Opportunities are all around us. They take all forms, shapes, and sizes. Sometimes showing up is about going to class prepared with your homework complete. Other times, showing up is about accepting an invitation. Often in life, showing up is about applying for that job you’ve been interested in, the scholarship that will pay for your education, or a fellowship program you think might impact your world-view. Regardless of the form an opportunity takes, it is a wasted chance if you do not show up.
There is also something brilliant about showing up. It is the prerequisite of every opportunity. And the fact of the matter is that most people do not bother showing up at all. They have the tools in their hands to show up, they are even invited by others to do so, yet they do not afford themselves the opportunity. If you can successfully shift your mentality from one of doubt to one of optimism, then you will find yourself showing up more often than anyone else. Just by pure numbers, you will excel beyond everyone around you who stayed at home.
You cannot walk through a door if you do not first walk up to it. Some doors may never open despite how hard you pound on them. Other doors that are wide open are useless if you don’t approach them to see what might be on the other side.
Showing up can be exhausting at times. By following the guidelines outlined below, along with those covered in further detail in Exponential Happiness, you will find yourself living a life full of opportunities taken, instead of opportunities missed.
Here is a quick scenario. Has anyone ever asked a question to a group you were a part of? I am confident the answer is yes. How do you tend to respond to questions when asked in a group environment? Do you shy away from replying? Do you get nervous about having the “right” answer? Do you jump right in, eager for the opportunity to be included?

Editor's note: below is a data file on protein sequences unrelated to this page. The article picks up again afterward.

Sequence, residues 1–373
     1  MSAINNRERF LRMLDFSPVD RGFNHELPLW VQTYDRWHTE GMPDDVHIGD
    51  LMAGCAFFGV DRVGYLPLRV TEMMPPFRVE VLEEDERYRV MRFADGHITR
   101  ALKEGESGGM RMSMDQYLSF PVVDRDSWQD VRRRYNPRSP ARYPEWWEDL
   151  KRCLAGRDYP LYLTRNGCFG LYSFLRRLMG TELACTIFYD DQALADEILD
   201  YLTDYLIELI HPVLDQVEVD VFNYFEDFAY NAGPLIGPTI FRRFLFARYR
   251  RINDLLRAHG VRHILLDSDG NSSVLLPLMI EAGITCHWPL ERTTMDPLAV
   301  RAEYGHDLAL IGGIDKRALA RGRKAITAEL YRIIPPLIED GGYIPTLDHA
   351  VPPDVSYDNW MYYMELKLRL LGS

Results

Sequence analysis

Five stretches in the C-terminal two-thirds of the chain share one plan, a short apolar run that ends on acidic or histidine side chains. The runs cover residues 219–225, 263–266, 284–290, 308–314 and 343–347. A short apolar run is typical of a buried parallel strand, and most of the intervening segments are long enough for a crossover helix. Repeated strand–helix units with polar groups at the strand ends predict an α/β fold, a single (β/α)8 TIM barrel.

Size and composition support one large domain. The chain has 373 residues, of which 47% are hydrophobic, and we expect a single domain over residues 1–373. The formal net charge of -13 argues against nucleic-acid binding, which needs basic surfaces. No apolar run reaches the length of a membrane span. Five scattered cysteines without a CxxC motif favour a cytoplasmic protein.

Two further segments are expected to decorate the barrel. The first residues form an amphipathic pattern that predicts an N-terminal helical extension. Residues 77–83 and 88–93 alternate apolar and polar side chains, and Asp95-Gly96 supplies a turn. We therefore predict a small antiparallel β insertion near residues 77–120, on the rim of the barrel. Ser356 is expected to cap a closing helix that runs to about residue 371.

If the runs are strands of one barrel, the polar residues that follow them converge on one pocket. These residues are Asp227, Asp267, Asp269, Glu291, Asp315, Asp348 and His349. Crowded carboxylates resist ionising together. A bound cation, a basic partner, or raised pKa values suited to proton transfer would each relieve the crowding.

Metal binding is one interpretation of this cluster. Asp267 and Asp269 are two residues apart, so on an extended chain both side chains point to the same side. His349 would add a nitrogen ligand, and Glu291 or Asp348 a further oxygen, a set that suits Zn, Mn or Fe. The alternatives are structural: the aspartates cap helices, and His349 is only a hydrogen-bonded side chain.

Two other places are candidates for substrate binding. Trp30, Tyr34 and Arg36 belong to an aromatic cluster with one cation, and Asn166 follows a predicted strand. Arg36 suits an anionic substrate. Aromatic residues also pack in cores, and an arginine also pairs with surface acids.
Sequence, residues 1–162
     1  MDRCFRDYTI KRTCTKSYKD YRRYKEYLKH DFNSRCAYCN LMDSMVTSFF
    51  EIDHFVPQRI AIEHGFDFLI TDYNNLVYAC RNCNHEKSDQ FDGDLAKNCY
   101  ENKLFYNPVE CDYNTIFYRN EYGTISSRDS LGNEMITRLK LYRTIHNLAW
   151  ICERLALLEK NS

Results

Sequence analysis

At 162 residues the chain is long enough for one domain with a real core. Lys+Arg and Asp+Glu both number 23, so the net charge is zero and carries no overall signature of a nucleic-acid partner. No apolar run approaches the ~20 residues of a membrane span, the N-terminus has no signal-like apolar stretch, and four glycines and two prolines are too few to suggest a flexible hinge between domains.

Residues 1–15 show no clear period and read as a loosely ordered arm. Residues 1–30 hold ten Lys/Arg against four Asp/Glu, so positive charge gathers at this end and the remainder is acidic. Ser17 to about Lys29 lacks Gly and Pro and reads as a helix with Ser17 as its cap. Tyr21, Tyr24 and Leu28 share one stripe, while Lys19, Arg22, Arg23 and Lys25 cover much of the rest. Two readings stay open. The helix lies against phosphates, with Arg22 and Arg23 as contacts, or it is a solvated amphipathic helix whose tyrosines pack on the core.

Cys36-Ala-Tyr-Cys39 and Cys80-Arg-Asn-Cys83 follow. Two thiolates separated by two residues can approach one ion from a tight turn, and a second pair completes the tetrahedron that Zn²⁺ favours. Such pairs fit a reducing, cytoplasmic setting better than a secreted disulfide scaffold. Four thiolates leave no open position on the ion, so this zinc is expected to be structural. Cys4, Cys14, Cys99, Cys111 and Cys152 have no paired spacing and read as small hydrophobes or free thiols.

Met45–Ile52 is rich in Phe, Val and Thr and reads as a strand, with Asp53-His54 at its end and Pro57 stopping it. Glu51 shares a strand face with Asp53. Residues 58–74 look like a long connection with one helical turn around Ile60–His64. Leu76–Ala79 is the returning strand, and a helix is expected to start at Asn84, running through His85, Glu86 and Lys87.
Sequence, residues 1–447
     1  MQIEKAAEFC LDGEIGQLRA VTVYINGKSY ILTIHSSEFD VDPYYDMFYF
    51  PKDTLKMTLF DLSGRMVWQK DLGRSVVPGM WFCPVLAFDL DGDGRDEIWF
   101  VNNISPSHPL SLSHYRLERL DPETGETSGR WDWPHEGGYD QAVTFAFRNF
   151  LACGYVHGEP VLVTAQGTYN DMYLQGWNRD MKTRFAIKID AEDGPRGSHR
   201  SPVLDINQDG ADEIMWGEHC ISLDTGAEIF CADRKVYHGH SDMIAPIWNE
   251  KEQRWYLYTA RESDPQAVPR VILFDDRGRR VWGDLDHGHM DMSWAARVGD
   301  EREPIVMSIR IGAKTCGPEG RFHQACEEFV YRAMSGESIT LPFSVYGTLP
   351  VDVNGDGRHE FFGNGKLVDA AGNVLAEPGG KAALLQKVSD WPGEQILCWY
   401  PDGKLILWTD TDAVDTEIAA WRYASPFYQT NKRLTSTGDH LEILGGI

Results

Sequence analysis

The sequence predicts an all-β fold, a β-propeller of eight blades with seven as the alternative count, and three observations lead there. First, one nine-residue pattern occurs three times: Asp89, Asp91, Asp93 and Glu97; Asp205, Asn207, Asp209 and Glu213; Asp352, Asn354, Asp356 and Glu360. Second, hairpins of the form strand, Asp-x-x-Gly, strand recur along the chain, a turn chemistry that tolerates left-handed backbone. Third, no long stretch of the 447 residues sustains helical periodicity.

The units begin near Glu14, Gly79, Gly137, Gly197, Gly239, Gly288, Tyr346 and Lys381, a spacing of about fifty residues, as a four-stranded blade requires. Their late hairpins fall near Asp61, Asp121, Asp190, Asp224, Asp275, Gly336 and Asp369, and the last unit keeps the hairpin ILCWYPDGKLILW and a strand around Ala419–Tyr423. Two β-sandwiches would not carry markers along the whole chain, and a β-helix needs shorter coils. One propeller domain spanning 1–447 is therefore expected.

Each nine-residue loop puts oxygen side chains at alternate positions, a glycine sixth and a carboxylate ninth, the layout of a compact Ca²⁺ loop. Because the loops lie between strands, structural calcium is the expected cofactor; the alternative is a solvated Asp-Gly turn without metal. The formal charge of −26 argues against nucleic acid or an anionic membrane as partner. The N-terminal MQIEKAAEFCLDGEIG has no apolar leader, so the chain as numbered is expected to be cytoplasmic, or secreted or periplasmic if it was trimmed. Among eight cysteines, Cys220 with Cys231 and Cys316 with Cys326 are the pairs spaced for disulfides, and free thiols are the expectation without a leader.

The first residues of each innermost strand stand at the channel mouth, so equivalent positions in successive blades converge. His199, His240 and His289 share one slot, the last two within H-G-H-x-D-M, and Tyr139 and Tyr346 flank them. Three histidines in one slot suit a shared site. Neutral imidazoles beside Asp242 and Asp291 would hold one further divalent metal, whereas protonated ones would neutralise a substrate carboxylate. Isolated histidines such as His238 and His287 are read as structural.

For many, being questioned is uncomfortable. There is pressure not to let the other person down by giving lousy information or replying “no” if it is a request in the form of a question. The worst thing is when we know our response is accurate, but we speak without confidence, and then others don’t have faith in our answer.
Merely being asked a question, like most things, sounds simple. But it isn’t. Like all things, there is a discipline to rehearsing replying with confidence.
Raising your hand is a great way to bond your physical and emotional state when responding to the inquiry. Make a habit of volunteering your intellect. Make a habit of volunteering to show up. When anyone around you asks any nature of the question, jump eagerly at the opportunity to be included.
Don’t stress about having the right answer every time. Most questions don’t even have a “right” answer, but a set of possible responses.
I moved to the American deep south when I was 14 years old. What I quickly came to learn about the infamous Southern Hospitality is that as polite as it is to extend an invitation, it appeared to be equally courteous to decline. I didn’t know that. I accepted every invitation.
Saying “yes” led me to be involved in community theater, making my best friend, and being accepted into an international youth exchange program that changed my life.
You won’t always be able to say “yes.” Life is full of responsibility, and we only have a finite access to the resource of time. Do your best to practice saying “yes” and watch how the opportunities come at you more and more.
Check out my book Exponential Happiness for loads more details on this and other topics to help you in your pursuit of happiness!
If you’re not yet ready to dive into a book, then please leave me a comment below with any questions you have, and I will be happy to advise you the best I can directly.
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